[Pdns-dev] PDNS Recursor functionality request re:SERVFAIL outages of today

John Todd jtodd at loligo.com
Sat Oct 22 05:11:48 UTC 2016

On 21 Oct 2016, at 18:48, Greg Owen wrote:

> On 2016-10-21 19:53, John Todd wrote:
>> I’d like to propose an extension to PowerDNS Recursor for 
>> mitigating
>> (partially) events like we had today where major authoritative
>> nameservers were put out of commission. This might be a particularly
>> foolish or error-prone method - it only took me a few minutes to 
>> think
>> up. But I’d at least like to hear a discussion as to why this 
>> isn’t a
>> good idea. The comment of “But this might end up giving out the 
>> wrong
>> answer!” is true, but I view a wrong answer as better than no 
>> answer.
> ...
>> If that query fails due to a SERVFAIL, then the TTL timer on this
>> “old” record is set back to zero and the “old” record is 
>> provided as
>> a response. If an authoritative server is marked as “down” due to
>> repeated SERVFAIL responses (see packetcache-servfail-ttl) then the
>> “old” record is handed back immediately without a new query 
>> attempt,
>> and the TTL timer is set back to zero to keep the answer in a state
>> of perpetual validity as long as....
> There are security concerns to doing this.  Most simply, a wrong 
> answer is worse than no answer if the "wrong" answer is a maliciously 
> sourced record.
> Consider the two following cases:
> 1) The attacker poisons the records for a zone - either indirectly, or 
> via compromise of the actual authoritative servers - and then takes 
> the actual servers down hard, causing SERVFAIL until the owners either 
> fix the servers, weather the DDoS, or redirect the root NS records.
> 2) The attacker poisons the records directly via compromise of the 
> actual authoritative servers, and the owner takes the servers down 
> until they can be replaced with clean, secured versions.
> In these two cases, the measure you're proposing would persist the 
> malicious entries past their expiration and for the duration of the 
> attack's effectiveness on the authoritative servers.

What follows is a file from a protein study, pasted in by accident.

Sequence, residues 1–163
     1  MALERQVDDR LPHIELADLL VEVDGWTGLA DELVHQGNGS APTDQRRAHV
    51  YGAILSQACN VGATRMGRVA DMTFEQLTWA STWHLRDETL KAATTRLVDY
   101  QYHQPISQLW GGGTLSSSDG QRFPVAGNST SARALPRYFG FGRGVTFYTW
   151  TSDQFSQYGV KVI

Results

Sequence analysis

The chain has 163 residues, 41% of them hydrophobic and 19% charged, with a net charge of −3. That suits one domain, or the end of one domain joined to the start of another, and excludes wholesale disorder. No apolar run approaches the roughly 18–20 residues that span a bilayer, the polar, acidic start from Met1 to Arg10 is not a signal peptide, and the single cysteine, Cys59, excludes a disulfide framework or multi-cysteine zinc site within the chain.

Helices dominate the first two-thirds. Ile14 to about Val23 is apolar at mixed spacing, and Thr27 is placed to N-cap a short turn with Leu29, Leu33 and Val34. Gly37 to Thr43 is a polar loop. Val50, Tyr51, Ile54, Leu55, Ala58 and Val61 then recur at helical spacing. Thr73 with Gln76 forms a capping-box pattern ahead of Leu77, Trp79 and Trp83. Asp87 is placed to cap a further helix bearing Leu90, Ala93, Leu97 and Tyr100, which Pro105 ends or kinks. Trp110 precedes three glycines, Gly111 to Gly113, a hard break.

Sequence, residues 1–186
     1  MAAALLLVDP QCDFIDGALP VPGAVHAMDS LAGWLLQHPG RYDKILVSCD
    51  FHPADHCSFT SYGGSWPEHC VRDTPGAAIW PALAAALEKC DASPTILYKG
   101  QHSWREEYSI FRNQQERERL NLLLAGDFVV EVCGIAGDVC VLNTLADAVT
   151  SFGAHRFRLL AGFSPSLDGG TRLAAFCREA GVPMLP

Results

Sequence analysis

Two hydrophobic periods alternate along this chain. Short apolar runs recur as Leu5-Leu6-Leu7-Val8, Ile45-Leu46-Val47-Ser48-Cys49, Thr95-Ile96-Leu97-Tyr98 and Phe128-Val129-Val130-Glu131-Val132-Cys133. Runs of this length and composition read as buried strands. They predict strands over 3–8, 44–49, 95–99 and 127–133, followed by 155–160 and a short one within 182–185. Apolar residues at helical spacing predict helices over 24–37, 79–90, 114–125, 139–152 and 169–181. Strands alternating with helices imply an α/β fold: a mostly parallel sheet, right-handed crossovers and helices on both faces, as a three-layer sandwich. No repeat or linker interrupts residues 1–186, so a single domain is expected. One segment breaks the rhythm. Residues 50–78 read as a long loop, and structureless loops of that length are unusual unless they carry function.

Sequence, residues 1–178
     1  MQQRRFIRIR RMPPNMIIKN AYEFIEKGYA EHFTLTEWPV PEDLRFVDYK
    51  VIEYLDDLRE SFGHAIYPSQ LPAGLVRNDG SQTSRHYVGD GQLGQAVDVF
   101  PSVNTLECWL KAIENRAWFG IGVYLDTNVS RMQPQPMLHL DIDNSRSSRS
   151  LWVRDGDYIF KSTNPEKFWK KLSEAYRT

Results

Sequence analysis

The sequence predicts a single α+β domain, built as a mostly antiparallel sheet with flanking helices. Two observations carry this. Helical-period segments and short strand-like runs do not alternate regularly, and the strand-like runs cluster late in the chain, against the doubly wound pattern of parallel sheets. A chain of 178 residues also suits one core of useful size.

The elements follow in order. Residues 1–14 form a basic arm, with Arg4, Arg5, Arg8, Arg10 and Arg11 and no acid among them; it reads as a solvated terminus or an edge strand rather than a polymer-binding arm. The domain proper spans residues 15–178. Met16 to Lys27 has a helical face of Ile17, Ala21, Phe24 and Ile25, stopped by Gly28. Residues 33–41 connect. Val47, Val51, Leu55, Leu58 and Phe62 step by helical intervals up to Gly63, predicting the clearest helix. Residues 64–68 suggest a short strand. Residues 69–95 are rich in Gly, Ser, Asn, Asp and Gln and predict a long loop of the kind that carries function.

> Even if your measure is triggered manually - in today's event, for 
> example, one says "Gosh, I know records are offline because of a Dyn 
> DDoS, so I know I can compensate by saving records, throw the switch!" 
> - let's say that someone DDoSed *ALL* of Dyn after poisoning records 
> for a single zone.  You'd have no way of knowing - until the incident 
> is over and forensic analysis has hopefully caught that nuance - that 
> you were doing the attacker's work for them.
> These attack vectors are not without precedent.  So-called "Dark DDoS" 
> attacks have been used to distract and mislead defenders, providing a 
> smoke screen for other more direct attacks:
> http://www.infosecurity-magazine.com/opinions/dark-ddos-growing-cyber-security/
> So, in short, your proposal has the caveat that it may extend the 
> damage from an attack in more pernicious ways than simple denial of 
> service.  (I'd rather not get to my bank than get to an impostor 
> posing as my bank!)
> ...
> I agree it's worth putting some thought into how to increase 
> redundancy and flexibility to compensate for these infrastructure 
> attacks.  For example, perhaps taking your idea but only applying it 
> to signed DNSSEC records which have slightly higher data integrity?  
> It's definitely worth exploring, but let's be careful of known and 
> reasonable ways attackers could take advantage of this compensation.
> Thx,
> gowen
> -- 
>     gowen - Greg Owen - gowen at swynwyr.com